DC-3 attraction sign

Standing along the side of Interstate 4 near the exit for Fantasy of Flight is a Douglas DC-3 painted with the attraction's name to get the attention of passers by. The aircraft itself is not part of the collection and was, in fact, specifically purchased for its intended purpose as an attraction sign. The airframe is far too corroded to make restoration of the DC-3 feasible. The aircraft was displayed for a period of time in a 'crashed' position, nose down in the ground with a mannequin hanging from the tail wheel, apparently a 'man' evacuating the aircraft with a parachute. The mannequin was dressed up for certain occasions around the year, including Santa Claus for Christmas, Uncle Sam for Independence Day and a Pilgrim for Thanksgiving.

The aircraft in this crashed position received a mixture of criticism and compliments. Some people claimed that the display made the aircraft look bad and set a bad example to airline passengers without an aviation background, while others found the position of the aircraft comical and many enjoyed guessing what the mannequin would be dressed as next. Currently, the aircraft is in an upright position with the mannequin seated in the opened cockpit hatch on the left hand side.

The Compass Rose DinerEdit

Patrons at the Compass Rose

Adjacent to the attraction's lobby is an Art Deco themed restaurant called "The Compass Rose Diner" which features the characteristics of diners associated with airports during the 1930s and early 1940s. The restaurant features tall windows, multi-hued terrazzo floors and the curved architectural lines associated with the Art Deco period. The diner was open to the public and served a short-order menu similar to that of lunch counters popularized during the pre-World War II era. When the main facility was closed to the public in 2014, the diner was closed and much of its equipment sold off, though the space itself is still available as part of the venue's rental offerings.

Partial closingEdit

On March 4, 2014, Fantasy of Flight announced that they would close to the public after April 6, 2014 but continue to stage private events. They further announced that they would reopen to the public in late 2014 as a scaled-down museum, with reduced admission prices, while they simultaneously begin to design and build the main facility into more of a destination attraction that would appeal to a wider audience rather than just aviation aficionados.[29] Ironically, the announcement that the facility would soon be closing its doors to the public has caused a significant upswell in visitors. Crowds have been so large that the facility has had to make use of its overflow parking area on multiple occasions since the announcement.[1] As of 2017 the museum is open on Fridays, Saturdays and most Sundays.


See alsoEdit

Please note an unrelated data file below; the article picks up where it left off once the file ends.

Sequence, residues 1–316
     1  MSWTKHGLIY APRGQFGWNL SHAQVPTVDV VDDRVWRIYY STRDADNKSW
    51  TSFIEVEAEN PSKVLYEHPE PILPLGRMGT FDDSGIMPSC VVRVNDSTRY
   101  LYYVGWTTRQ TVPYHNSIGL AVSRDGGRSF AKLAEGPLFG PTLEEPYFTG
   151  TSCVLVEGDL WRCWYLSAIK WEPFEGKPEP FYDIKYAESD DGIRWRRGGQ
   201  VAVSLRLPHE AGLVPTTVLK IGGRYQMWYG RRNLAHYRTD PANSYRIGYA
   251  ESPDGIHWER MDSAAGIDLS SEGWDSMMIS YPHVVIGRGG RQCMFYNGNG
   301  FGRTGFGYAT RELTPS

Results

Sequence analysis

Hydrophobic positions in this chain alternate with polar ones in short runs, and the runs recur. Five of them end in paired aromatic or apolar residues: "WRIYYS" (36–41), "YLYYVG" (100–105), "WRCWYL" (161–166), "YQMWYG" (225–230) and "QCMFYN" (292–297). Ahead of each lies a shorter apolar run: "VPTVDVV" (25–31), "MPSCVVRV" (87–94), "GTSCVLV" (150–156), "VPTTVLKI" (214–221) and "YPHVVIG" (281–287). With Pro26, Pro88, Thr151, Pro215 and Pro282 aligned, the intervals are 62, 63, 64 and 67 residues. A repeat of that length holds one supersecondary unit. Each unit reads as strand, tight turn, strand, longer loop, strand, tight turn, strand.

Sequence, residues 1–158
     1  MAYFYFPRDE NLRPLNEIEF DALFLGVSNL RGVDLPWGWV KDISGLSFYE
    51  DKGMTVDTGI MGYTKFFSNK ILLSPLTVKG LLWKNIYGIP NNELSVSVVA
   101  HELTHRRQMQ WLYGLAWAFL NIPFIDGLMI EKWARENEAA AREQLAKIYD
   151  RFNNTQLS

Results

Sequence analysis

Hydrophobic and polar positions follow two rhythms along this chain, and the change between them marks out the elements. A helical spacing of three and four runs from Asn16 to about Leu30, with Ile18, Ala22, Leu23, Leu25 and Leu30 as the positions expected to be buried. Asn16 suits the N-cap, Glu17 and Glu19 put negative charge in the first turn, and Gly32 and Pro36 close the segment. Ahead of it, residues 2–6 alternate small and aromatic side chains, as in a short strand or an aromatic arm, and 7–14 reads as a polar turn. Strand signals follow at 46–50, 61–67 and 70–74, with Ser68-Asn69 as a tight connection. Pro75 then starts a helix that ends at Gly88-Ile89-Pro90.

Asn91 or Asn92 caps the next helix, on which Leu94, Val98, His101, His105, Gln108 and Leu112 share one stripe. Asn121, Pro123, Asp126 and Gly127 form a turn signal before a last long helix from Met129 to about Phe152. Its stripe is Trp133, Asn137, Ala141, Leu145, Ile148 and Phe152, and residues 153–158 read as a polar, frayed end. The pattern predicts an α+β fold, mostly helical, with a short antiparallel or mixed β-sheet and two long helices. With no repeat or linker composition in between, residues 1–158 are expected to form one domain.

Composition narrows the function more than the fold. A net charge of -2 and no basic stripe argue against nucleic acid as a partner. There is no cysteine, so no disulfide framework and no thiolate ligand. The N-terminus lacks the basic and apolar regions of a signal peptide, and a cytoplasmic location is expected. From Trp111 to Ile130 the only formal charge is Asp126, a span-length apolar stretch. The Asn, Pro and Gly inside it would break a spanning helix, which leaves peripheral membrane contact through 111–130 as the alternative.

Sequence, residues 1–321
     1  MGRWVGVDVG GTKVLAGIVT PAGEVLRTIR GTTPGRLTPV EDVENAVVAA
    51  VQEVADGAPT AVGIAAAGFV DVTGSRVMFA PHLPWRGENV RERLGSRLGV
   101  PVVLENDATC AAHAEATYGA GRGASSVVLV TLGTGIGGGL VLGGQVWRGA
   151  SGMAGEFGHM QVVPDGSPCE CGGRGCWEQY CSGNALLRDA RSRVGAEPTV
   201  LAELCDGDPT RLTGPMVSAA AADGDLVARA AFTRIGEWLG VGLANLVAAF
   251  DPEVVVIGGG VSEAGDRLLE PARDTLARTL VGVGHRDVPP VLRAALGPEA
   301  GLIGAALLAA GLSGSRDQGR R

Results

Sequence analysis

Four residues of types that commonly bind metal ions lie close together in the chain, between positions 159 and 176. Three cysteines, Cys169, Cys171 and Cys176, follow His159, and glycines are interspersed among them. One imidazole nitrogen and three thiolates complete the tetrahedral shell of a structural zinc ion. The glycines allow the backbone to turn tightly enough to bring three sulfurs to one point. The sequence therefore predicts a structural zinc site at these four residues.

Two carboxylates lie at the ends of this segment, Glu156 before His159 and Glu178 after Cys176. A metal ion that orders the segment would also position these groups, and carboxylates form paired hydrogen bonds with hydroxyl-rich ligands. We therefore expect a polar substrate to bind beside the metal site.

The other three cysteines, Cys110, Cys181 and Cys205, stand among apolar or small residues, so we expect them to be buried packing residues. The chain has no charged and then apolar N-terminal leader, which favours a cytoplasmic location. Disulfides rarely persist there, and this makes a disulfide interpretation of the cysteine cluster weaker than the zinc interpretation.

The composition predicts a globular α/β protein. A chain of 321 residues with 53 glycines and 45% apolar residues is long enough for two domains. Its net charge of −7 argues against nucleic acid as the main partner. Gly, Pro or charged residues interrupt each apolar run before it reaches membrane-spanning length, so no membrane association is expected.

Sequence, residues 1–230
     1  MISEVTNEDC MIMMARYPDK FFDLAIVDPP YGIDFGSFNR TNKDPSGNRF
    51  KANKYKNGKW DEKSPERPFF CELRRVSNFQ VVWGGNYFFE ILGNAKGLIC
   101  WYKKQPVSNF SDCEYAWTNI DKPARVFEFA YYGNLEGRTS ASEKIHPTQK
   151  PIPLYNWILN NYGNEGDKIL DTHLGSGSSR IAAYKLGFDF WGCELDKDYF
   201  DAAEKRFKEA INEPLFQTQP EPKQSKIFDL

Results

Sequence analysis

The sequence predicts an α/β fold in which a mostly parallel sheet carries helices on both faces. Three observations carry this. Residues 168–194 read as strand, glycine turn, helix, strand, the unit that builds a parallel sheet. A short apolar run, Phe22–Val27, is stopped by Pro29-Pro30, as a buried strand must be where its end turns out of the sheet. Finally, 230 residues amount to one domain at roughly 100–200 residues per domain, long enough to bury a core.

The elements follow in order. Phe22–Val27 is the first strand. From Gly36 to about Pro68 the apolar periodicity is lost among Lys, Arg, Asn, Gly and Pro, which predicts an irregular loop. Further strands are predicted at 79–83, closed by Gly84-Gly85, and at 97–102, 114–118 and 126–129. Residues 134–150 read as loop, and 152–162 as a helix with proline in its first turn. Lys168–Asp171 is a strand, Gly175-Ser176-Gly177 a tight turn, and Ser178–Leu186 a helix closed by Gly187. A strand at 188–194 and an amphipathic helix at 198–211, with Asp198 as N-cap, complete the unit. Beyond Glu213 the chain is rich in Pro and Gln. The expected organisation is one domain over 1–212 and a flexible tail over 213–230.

1. ^ a b "General aviation in the marketplace". General Aviation News/. Retrieved 2013-03-14.
  2. ^ "Archived copy" (PDF). Archived from the original (PDF) on 2009-11-17. Retrieved 2012-04-20.CS1 maint: archived copy as title (link)
  3. ^ "Fantasy of Flight – Florida Air Museums – Orlando – Kermit Weeks – Best Vacation Guide". Archived from the original on 2012-10-20. Retrieved 2013-02-02.
  4. ^ Kermit (2012-02-16). "New Storage Facility and Tour! | Kermit's Blog". Archived from the original on 2012-07-01. Retrieved 2013-02-02.
  5. ^ "FA08 – Orlampa Inc Airport". AirNav. Retrieved 2013-02-02.
  6. ^ a b c "Fantasy of Flight – Polk City, FL – Public Places & Attractions, Museum". Facebook. Retrieved 2013-02-02.
  7. ^ Surviving Avro Cadets
  8. ^ Clark/Nikdel/Powell. "1911 Barber Valkyrie replica". Fantasy of Flight. Retrieved 29 November 2017.
  9. ^ "Kermit Weeks' Facebook Page". Facebook. Retrieved 2014-03-14.
  10. ^ "Kermit Weeks' Facebook Page". Facebook. Retrieved 2014-03-14.
  11. ^ Kermit (2012-01-23). "Tico Airshow in the TP-40N! | Kermit's Blog". Archived from the original on 2012-07-16. Retrieved 2013-02-02.
  12. ^ Clark/Nikdel/Powell. "Douglas B-23 Dragon". Fantasy of Flight. Retrieved 29 November 2017.
  13. ^ Clark/Nikdel/Powell. "Focke-Wulf Fw 44". Fantasy of Flight. Retrieved 29 November 2017.
  14. ^ Clark/Nikdel/Powell. "Grumman F3F". Fantasy of Flight. Retrieved 29 November 2017.
  15. ^ Clark/Nikdel/Powell. "Hiller Hornet". Fantasy of Flight. Retrieved 29 November 2017.
  16. ^ "Lockheed Constellation Survivors". Retrieved 29 November 2017.
  17. ^ Clark/Nikdel/Powell. "Lockheed Vega". Fantasy of Flight. Retrieved 29 November 2017.
  18. ^ Marauder survivors
  19. ^ Morane AI survivors
  20. ^ Morane/Brock Monoplane description – Aircraft is a modified Morane-Saulnier H)
  21. ^ "P-51 Mustang Survivors -". Retrieved 29 November 2017.
  22. ^ "P-51 Mustang Survivors -". Retrieved 29 November 2017.
  23. ^ "1944 Short Sunderland". Fantasy of Flight. Retrieved 7 October 2018.
  24. ^ Clark/Nikdel/Powell. "Standard E-1". Fantasy of Flight. Retrieved 29 November 2017.
  25. ^ Clark/Nikdel/Powell. "Stinson Airliner". Fantasy of Flight. Retrieved 29 November 2017.
  26. ^ "Spitfire." Fantasy of Flight. Retrieved: 6 March 2011.
  27. ^ Thomas-Morse Scout survivors
  28. ^ "Kermit Weeks' Facebook Page". Facebook. Retrieved 2014-03-27.
  29. ^ "Fantasy of Flight closing as daily attraction". Retrieved 2013-03-04.

External linksEdit